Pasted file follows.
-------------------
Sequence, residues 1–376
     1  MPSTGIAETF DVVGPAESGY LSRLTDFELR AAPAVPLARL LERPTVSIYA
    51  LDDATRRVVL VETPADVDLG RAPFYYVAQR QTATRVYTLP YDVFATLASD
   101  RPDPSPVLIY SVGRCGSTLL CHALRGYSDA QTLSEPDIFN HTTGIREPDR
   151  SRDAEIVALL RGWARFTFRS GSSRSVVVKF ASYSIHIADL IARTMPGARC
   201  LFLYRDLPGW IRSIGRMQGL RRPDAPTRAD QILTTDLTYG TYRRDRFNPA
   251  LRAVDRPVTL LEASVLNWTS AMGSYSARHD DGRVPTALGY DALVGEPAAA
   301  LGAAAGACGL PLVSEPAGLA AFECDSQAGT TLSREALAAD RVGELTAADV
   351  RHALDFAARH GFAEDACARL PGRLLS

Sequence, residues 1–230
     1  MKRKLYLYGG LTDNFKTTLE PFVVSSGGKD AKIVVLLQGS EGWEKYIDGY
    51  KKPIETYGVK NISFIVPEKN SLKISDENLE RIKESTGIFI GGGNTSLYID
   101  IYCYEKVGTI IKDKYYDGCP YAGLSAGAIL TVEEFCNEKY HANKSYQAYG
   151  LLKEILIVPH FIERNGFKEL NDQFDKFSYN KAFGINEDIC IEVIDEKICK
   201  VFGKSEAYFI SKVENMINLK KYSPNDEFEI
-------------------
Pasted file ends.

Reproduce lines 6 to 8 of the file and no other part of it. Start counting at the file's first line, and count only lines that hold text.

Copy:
   201  LFLYRDLPGW IRSIGRMQGL RRPDAPTRAD QILTTDLTYG TYRRDRFNPA
   251  LRAVDRPVTL LEASVLNWTS AMGSYSARHD DGRVPTALGY DALVGEPAAA
   301  LGAAAGACGL PLVSEPAGLA AFECDSQAGT TLSREALAAD RVGELTAADV